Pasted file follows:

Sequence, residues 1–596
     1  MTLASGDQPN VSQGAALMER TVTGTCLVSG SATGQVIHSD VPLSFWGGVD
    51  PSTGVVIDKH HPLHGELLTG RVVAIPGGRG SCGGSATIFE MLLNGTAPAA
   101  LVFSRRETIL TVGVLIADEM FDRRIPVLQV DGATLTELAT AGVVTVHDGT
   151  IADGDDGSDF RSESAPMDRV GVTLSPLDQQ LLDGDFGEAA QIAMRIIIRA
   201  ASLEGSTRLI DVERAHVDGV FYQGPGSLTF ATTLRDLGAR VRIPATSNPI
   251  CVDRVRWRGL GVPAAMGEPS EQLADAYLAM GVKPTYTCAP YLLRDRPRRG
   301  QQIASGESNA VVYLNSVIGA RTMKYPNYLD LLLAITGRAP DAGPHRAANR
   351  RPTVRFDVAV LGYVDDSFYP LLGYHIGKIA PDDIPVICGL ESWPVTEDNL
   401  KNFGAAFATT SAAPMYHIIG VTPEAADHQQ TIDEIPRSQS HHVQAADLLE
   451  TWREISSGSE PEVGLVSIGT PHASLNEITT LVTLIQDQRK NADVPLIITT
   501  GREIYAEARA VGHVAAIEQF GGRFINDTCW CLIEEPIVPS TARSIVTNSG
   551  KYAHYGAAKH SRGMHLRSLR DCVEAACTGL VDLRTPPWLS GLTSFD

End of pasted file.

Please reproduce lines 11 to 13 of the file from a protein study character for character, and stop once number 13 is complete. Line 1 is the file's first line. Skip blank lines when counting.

   451  TWREISSGSE PEVGLVSIGT PHASLNEITT LVTLIQDQRK NADVPLIITT
   501  GREIYAEARA VGHVAAIEQF GGRFINDTCW CLIEEPIVPS TARSIVTNSG
   551  KYAHYGAAKH SRGMHLRSLR DCVEAACTGL VDLRTPPWLS GLTSFD